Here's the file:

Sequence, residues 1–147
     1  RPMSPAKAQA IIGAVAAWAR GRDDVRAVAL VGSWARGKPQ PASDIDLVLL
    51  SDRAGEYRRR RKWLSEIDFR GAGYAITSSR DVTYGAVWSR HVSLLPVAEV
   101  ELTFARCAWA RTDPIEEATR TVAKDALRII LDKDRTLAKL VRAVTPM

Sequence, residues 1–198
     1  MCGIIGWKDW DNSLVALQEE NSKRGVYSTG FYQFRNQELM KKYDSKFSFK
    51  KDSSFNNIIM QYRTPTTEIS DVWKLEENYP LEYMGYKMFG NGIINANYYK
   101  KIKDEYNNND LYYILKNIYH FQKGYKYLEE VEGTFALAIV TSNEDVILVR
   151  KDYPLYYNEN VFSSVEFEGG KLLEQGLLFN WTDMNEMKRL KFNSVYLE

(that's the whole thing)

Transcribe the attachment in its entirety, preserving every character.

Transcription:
Sequence, residues 1–147
     1  RPMSPAKAQA IIGAVAAWAR GRDDVRAVAL VGSWARGKPQ PASDIDLVLL
    51  SDRAGEYRRR RKWLSEIDFR GAGYAITSSR DVTYGAVWSR HVSLLPVAEV
   101  ELTFARCAWA RTDPIEEATR TVAKDALRII LDKDRTLAKL VRAVTPM

Sequence, residues 1–198
     1  MCGIIGWKDW DNSLVALQEE NSKRGVYSTG FYQFRNQELM KKYDSKFSFK
    51  KDSSFNNIIM QYRTPTTEIS DVWKLEENYP LEYMGYKMFG NGIINANYYK
   101  KIKDEYNNND LYYILKNIYH FQKGYKYLEE VEGTFALAIV TSNEDVILVR
   151  KDYPLYYNEN VFSSVEFEGG KLLEQGLLFN WTDMNEMKRL KFNSVYLE